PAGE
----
Medical student to receive Excellence in Public Health Award

Nicholaus J. Christian, an M.D./M.B.A. dual-degree student at the Boonshoft School of Medicine.

The U.S. Public Health Service will recognize Nicholaus J. Christian, an M.D./M.B.A. dual-degree student at the Wright State University Boonshoft School of Medicine, with a 2017 Excellence in Public Health Award during the pre-graduation award ceremony on Friday, May 26, at the Victoria Theatre in Dayton.

The award recognizes medical students who are involved in public health issues in their community. In 2016, the Public Health Service presented awards at 68 medical schools throughout the nation.

Christian was inspired to become a doctor after a volunteer experience during his undergraduate years at Ohio State University. He helped set up an outreach clinic in an underserved, predominantly Hispanic trailer park. He worked with compassionate and humble medical professionals that modeled the values of protecting health.

“This was the first time I had ever seen a doctor in a community-based role,” said Christian, who is from Covington, Ohio. “The relationship and impact that the doctor had with his patients was so strong. The physician knew exactly where each patient lived and the resources available in that community.”

Before that experience, he wanted to help people through community organizing. “I realized that I could accomplish this and more through a career in medicine,” he said.

At the Boonshoft School of Medicine, Christian has been involved in numerous organizations. Faculty members have noticed Christian’s commitment to public health.

“Nick has been instrumental as a student leader both at the medical school and in the community, promoting the ideas of health and wellness for students, patients and the community,” said Sabrina Neeley, Ph.D., director of Population Health Curriculum and director of the Physician Leadership Development Program at the Boonshoft School of Medicine. “He has continued to seek opportunities that allowed him more experience working with patients with significant social determinants of health challenges.”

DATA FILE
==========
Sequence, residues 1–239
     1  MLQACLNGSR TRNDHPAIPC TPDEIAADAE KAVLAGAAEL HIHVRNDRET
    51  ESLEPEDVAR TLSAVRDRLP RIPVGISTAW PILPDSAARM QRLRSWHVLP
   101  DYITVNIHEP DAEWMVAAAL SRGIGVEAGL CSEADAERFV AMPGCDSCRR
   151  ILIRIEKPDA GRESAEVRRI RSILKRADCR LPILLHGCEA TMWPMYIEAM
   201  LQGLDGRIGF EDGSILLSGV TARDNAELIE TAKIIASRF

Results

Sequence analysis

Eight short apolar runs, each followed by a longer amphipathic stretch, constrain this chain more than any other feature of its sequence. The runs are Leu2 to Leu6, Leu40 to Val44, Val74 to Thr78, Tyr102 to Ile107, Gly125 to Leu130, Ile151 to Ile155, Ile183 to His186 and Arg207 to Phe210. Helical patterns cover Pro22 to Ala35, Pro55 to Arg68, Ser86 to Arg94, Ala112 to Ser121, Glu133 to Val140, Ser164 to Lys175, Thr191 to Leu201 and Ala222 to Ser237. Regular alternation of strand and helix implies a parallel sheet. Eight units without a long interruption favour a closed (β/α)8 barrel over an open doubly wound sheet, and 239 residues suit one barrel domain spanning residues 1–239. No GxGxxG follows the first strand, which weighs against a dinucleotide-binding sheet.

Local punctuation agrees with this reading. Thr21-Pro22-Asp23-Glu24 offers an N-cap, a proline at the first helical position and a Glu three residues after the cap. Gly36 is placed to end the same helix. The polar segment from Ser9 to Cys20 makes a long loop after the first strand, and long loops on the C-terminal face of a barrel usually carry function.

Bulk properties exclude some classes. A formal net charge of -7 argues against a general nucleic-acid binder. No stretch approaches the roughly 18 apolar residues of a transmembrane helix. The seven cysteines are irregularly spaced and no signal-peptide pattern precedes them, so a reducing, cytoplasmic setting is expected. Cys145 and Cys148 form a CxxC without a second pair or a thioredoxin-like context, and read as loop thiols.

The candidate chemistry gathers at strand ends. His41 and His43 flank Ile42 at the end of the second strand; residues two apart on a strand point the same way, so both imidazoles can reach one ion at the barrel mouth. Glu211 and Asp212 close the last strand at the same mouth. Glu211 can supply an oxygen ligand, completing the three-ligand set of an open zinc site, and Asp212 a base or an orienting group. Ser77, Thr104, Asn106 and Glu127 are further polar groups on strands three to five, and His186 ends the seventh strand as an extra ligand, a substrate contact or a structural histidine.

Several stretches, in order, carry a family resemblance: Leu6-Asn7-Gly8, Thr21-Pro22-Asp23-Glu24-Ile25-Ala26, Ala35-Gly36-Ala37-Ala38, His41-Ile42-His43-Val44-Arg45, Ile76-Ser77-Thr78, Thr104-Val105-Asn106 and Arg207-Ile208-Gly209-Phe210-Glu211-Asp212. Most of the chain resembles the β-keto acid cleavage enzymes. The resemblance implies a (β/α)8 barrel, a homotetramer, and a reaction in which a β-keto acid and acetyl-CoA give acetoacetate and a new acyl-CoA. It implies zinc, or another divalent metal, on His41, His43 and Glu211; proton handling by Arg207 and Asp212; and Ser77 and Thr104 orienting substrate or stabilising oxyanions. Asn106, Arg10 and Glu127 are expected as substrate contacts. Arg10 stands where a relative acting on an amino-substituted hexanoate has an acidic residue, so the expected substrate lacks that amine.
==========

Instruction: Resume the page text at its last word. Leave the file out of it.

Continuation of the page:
He contacted a Boonshoft School of Medicine alumna, Sara Doorley, M.D., ’05, after reading about her in Vital Signs, the Boonshoft School of Medicine magazine. He traveled to San Jose, California, to complete a social medicine experience working with Doorley in clinics for teens, migrant farm workers, homeless individuals, individuals in Suboxone treatment, individuals recently released from prison and rural patients. He brought his experience in San Jose back to his peers at the Boonshoft School of Medicine and shared it with them through an Overview on Homelessness. He wrote about the experience in a medical student blog post.

He has held leadership positions with the STEPS initiative, an interprofessional student-run clinic that provides health and wellness education and counseling for residents at local homeless shelters. He served as a charter member for The Ladder, a program that creates bonds and strengthens mentoring relationships among youth, college students, medical students, residents and physicians by hosting meetings to discuss health-related topics.

He also has demonstrated the desire to be an advocate for advancing the health and safety of the nation. He led the Dayton Improves Healthcare, Institute for Healthcare Improvement (IHI) Open School Chapter at Wright State University during its initial years. He was selected to attend the 2013 IHI Open School Student Quality Leadership Academy and has completed the IHI Open School basic certification, gaining knowledge in improvement capability, patient safety, leadership and patient- and family-centered care.

In May 2016, he participated in the American College of Physicians Leadership Day on Capitol Hill, meeting with legislators and staff to discuss concerns about curbing opioid abuse. When he returned from Washington, D.C., Christian joined the Public Health – Dayton and Montgomery County Community Opioid Team and served on the Prescription Opioids Subcommittee.

Through the Physician Leadership Development Program, a dual-degree program in which medical students obtain a master’s degree in public health or business while pursuing their medical degree over five years, Christian finished his M.B.A. coursework, completed a longitudinal clerkship in internal medicine and worked as the program graduate assistant.

“Nick is highly respected by his classmates, the faculty and his patients,” Neeley said. “He will be a culturally responsive physician who seeks to improve the health and quality of life of his patients, while advocating for improvement in the health care system and community.”

Christian will begin a residency in internal medicine this summer at the University of Texas at Austin Dell Medical School in Austin, Texas.

“I love the holistic perspective of internal medicine. It’s a very dynamic and diverse specialty,” he said. “I was selected to be in the first cohort of the school’s care transformation program, a nontraditional, mentored learning experience. I am very excited to be a part of this innovation and creative atmosphere.”

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